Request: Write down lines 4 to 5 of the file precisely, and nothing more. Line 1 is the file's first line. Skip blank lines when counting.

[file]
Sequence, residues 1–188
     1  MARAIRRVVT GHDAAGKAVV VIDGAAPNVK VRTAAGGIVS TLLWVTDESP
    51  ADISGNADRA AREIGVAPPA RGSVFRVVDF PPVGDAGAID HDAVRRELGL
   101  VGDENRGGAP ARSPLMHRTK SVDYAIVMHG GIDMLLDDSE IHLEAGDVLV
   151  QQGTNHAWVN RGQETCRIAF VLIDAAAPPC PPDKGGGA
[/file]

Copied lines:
   101  VGDENRGGAP ARSPLMHRTK SVDYAIVMHG GIDMLLDDSE IHLEAGDVLV
   151  QQGTNHAWVN RGQETCRIAF VLIDAAAPPC PPDKGGGA